The city of Cumming has decided a formerly-private sewer facility off Buford Dam Road will not be usable for a future water plant and have decided not to go ahead with plans for a new facility at the site.
Members of the Cumming City Council voted 5-0 at a meeting on Monday to rescind condemnation of the Habersham Wastewater Treatment Plant and abandon plans for a future state-of-the-art facility for that site.
“As you're aware, the city has been operating the Habersham water treatment facility since April of this year,” said Jon Heard, city utilities director. “This piece of property is not optimal to build a future wastewater facility. It is my request … to rescind the condemnation [and] also to abandon the idea of obtaining property [near the site].”
Included in the discussion were motions, which both passed unanimously, to negotiate with owners or condemn a small piece property to connect the Habersham communities with the city's sewer system and to award a bid to install water lines in the area to North Georgia Pipeline Inc. for $92,000.
Reached Wednesday morning, Mayor Ford Gravitt said the property was not large enough for the proposed state-of-the-art facility planned at the site, which was planned to be built in the next few years and take on about 111,000 gallons per day with a goal of 15 million gallons per day by 2050.
“There's just not enough property — it was only about 10 acres — and the engineers said it's going to take 25 to 30 acres to facilitate the basin in Habersham,” Gravitt said.
At the meeting, Heard said materials, geography and rock desposits also raised issues for the project.
The rescission of the April condemnation means the former owners can sell the property and a permit that allowed the plant to flow treated wastewater into Lake Lanier,
Some against the condemnation asserted the permit was a reason for taking over the facility.
The system dates to the 1970s, when it was more common for large neighborhoods to build their own due to a lack of infrastructure.
The Habersham plant has been recently a sore point between the city and residents living in the area.
In April, city council members voted unanimously to take over the plant and later charged those connected $6,250 in fees to connect to city sewer, which could be paid in a discounted lump sum of $5,000 or paid in installments with a required interest rate.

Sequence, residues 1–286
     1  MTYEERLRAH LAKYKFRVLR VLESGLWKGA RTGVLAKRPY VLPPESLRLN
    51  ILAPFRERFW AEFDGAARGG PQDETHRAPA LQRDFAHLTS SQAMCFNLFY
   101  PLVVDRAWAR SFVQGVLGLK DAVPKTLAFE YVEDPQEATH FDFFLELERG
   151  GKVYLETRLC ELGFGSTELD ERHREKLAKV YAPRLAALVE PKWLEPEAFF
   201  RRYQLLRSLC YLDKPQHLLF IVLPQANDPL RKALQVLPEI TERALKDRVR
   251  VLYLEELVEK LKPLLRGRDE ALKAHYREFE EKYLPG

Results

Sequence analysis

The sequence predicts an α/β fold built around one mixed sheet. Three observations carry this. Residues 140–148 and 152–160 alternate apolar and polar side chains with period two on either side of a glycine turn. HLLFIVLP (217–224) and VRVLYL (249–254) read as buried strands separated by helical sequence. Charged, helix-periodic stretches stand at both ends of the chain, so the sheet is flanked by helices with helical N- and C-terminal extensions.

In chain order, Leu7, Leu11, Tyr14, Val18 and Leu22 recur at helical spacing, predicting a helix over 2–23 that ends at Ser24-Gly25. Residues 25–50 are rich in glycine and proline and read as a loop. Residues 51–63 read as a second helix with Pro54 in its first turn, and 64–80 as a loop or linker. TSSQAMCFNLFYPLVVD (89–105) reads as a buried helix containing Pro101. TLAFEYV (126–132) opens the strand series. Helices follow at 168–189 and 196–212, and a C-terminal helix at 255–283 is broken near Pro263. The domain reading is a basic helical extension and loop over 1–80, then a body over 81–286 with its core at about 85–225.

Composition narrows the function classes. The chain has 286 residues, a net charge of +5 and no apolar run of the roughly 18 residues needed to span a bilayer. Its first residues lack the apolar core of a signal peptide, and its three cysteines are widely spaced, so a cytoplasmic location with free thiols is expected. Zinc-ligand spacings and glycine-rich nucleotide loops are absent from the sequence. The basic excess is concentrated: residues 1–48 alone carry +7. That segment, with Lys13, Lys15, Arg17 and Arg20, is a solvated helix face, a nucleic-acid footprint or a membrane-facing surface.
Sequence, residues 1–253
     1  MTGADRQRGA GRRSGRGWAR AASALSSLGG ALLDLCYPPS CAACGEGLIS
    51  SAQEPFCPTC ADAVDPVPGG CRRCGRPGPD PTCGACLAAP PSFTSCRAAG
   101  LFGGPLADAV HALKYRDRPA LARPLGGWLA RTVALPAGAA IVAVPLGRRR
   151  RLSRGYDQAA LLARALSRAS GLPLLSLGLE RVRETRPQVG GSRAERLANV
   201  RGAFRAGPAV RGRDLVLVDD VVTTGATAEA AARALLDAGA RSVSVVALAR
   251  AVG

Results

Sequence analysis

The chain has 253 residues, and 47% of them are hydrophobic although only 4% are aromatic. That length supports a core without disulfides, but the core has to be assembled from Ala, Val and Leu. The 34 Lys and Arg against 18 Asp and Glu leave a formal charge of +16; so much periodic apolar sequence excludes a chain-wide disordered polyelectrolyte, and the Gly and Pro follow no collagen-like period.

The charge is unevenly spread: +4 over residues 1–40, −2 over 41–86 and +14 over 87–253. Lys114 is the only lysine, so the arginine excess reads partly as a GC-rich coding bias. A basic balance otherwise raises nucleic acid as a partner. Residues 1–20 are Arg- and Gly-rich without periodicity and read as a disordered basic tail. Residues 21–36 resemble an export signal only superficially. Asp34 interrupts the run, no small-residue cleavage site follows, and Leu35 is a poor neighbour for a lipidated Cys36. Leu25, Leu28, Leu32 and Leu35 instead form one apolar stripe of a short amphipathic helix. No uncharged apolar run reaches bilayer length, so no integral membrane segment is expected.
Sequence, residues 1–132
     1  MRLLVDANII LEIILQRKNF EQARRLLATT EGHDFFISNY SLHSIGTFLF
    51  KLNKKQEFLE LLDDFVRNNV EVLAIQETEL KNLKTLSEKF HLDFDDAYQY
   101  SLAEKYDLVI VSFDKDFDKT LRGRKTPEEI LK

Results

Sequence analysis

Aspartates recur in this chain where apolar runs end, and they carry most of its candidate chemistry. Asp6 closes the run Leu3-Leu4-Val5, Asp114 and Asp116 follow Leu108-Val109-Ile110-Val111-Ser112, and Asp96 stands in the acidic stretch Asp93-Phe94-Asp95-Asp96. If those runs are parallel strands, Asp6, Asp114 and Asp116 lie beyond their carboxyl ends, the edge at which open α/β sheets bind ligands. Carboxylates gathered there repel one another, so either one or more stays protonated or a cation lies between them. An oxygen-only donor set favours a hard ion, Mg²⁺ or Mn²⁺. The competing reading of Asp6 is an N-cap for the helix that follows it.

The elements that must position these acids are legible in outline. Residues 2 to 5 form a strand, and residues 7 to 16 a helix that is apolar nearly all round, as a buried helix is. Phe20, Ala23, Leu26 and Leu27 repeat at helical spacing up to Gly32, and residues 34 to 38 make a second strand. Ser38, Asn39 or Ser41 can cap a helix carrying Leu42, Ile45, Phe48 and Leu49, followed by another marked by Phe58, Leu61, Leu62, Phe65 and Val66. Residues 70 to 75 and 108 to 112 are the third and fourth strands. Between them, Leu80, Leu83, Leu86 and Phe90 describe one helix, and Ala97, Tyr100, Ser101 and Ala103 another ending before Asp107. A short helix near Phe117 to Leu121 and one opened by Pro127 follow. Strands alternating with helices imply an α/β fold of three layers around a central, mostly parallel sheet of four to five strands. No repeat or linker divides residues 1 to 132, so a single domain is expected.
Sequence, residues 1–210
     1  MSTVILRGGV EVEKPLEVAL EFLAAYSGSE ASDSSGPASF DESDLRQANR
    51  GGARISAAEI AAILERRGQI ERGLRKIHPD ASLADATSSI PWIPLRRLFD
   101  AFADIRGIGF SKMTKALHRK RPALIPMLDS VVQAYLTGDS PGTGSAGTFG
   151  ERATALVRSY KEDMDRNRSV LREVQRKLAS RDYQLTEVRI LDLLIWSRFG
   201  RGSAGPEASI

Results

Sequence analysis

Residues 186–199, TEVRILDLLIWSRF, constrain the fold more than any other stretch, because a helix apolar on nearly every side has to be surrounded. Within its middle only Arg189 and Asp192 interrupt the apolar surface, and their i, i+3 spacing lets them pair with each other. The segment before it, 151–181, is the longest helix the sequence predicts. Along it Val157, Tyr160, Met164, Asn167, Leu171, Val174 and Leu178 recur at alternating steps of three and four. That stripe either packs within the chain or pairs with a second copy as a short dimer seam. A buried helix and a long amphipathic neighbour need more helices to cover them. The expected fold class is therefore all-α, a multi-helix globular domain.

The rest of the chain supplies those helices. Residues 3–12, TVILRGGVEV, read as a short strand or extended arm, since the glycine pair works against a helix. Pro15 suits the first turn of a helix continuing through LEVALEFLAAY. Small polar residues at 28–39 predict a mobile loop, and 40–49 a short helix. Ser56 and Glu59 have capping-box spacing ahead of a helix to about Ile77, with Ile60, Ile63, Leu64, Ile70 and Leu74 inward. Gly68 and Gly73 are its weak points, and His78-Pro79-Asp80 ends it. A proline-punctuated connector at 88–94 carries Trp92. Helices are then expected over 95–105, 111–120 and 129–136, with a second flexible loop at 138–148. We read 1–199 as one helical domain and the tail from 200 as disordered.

Residents were first given two months to respond before the deadline was extended another 60 days by the council in July. The facility served about 400 homes in five neighborhoods off Buford Dam.
Residents said it was unfair those who couldn't afford to pay all at once would have to pay more, and some said they bought their home believing they were on city sewer.
Connecting residents to the city's water line was the reasoning for the decisions to condemn the small plot of land and the installation bid, according to the mayor.
Before the decision to take over the facility, a small shed holding the main sewage pump of the facility was damaged in a fire on April 6, and untreated sewage was diverted to a nearby city sewer line.
In June, Forsyth County District 5 Commissioner Laura Semanson held a town hall — the neighborhoods are in her commission district, though the county is not involved — where residents said they were considering at least three types of lawsuits: a 30-day injunction to stop work at the plant, suing the city to get back tap fees and to sue previous property owners if the current homeowners’ closing paperwork says they’re on public sewer.
In the early 2000s, the facility was taken over by homeowners. The group eventually became the Habersham Action Committee, which previously handled business items.
The next steps for the aging facility and where the new proposed facility could go are not immediately clear.